Architecture is an art on its own. So, it’s not surprising that most of us find ourselves pointing our cameras to it once in a while. Some even make architectural photography a long-term creative endeavor to capture the most stunning buildings and structures around the world.
Among them is self-taught commercial and architectural photographer Andrés Gallardo Albajar. His work appeared in various magazines and websites, including Architectural Digest, Arch Daily, National Geographic, Lonely Planet, Design Boom, Fubiz and Vogue. He has also received recognition at prestigious awards such as IPA International Photography Awards, Sony world Photography Awards and ND Neutral Density Awards.
His “Urban Geometry series,” one of his most eye-catching work, brought him to a lot of major cities. So, he had plenty of opportunities to Today, let’s take a look at the wonders he spotted in the South Korean capital.
Seoul as an architecture hotspot
Seoul is still home to impressive traditional architecture, but it also boasts of locally and internationally designed contemporary architecture. In his “Urban Geometry” series, Estonia-based Albajar introduces us to some of these impressive landmarks and their beautiful details.
For those who weren’t yet aware of Seoul’s status as an architecture hotspot, this series is certainly an eye-opener. Here, we get a preview of mind-blowing buildings such as The Imprint by MVRDV Architects, Kolon One & Only Tower by Morphosys Architects and KIA BEAT360 by Ca Plan Co.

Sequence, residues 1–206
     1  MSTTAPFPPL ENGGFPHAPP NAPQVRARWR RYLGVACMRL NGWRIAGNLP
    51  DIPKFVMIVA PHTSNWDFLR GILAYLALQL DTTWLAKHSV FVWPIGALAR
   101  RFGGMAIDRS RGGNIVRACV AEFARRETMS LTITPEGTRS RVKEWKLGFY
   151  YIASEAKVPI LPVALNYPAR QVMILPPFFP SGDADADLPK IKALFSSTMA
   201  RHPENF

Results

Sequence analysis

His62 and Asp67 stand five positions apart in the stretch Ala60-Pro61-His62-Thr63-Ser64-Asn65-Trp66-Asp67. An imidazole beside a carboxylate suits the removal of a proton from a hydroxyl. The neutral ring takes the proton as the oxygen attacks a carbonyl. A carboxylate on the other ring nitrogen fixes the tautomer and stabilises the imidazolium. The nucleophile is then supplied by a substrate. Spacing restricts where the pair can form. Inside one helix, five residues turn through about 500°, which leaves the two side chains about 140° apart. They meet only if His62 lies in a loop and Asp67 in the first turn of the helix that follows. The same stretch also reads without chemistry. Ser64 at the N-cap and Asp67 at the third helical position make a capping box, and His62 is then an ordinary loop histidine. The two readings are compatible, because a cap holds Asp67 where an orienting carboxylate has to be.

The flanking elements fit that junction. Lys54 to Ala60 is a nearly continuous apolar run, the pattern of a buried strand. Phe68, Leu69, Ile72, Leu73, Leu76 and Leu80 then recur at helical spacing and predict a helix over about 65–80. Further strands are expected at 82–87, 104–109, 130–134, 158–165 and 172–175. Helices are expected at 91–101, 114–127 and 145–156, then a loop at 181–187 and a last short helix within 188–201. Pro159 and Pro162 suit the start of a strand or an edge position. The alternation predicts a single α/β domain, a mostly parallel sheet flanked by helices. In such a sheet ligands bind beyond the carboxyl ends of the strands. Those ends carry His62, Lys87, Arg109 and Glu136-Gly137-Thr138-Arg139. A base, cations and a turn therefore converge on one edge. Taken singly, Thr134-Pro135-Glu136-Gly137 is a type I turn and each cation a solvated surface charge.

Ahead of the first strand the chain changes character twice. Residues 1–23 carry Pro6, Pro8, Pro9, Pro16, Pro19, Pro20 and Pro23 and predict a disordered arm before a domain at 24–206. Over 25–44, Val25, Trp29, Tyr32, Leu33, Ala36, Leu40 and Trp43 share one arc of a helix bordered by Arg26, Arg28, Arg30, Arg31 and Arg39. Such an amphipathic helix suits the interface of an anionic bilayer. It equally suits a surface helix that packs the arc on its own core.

Those who are more familiar with the global architecture scene will certainly tell us that this is just a small slice of what we can find in Seoul. It tells us that the city is now a fertile playground for architects. That means it’s also a stomping ground for adventurous photographers! It’s definitely a destination to add to your bucket list if you’re keen on getting started with architectural photography.
A showcase of fascinating details
One of the goals of this type of photography is to bring the viewers’ attention to all the meticulous details of a building or structure. For me, it should be able to inspire a greater appreciation for all the work, talent and creativity that went into designing and constructing these masterpieces.
We can definitely see that at work in this Seoul series and the rest of Albajar’s work. I especially like how his compositions effectively emphasize the character of these buildings. I also find his play on lines, shapes, curves and colors to be a great example of how the genre easily lends itself to abstract or minimalist visuals.
All photos by Andrés Gallardo Albajar. Used with Creative Commons permission.